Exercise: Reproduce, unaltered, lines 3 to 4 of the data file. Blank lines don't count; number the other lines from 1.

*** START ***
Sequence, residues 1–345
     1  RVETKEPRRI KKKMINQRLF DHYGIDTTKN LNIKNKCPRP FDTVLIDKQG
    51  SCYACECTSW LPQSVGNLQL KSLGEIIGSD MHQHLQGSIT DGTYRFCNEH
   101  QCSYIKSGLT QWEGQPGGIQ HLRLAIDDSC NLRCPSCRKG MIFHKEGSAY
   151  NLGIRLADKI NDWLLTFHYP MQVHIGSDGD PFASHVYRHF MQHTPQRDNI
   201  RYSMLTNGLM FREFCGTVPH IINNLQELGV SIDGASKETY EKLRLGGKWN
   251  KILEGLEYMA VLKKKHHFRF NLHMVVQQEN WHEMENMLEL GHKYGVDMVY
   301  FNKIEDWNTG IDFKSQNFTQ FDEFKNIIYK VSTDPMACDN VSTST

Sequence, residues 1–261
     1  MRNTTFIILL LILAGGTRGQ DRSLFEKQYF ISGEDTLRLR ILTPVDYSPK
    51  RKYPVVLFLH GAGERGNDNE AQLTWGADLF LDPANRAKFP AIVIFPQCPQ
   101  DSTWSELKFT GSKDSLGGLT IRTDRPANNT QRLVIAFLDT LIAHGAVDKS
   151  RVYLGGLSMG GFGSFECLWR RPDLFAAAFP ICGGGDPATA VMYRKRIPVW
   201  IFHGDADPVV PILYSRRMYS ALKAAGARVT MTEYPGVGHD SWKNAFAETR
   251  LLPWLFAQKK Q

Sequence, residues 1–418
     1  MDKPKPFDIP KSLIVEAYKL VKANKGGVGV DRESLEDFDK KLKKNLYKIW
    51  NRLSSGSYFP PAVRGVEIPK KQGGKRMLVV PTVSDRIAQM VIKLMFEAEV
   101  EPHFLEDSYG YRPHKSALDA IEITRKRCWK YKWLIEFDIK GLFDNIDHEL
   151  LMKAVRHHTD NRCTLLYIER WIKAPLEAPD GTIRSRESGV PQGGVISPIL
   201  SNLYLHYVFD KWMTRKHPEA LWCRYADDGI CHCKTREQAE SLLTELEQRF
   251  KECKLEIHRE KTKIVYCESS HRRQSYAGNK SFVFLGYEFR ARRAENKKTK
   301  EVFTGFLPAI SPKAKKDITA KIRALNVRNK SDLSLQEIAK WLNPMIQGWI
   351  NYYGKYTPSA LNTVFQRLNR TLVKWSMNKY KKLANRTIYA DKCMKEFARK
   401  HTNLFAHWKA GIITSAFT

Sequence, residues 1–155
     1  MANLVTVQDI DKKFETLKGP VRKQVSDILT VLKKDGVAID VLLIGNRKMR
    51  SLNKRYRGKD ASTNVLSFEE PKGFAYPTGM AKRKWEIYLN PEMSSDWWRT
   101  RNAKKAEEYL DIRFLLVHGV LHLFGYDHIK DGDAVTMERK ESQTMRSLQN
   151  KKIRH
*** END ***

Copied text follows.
    51  SCYACECTSW LPQSVGNLQL KSLGEIIGSD MHQHLQGSIT DGTYRFCNEH
   101  QCSYIKSGLT QWEGQPGGIQ HLRLAIDDSC NLRCPSCRKG MIFHKEGSAY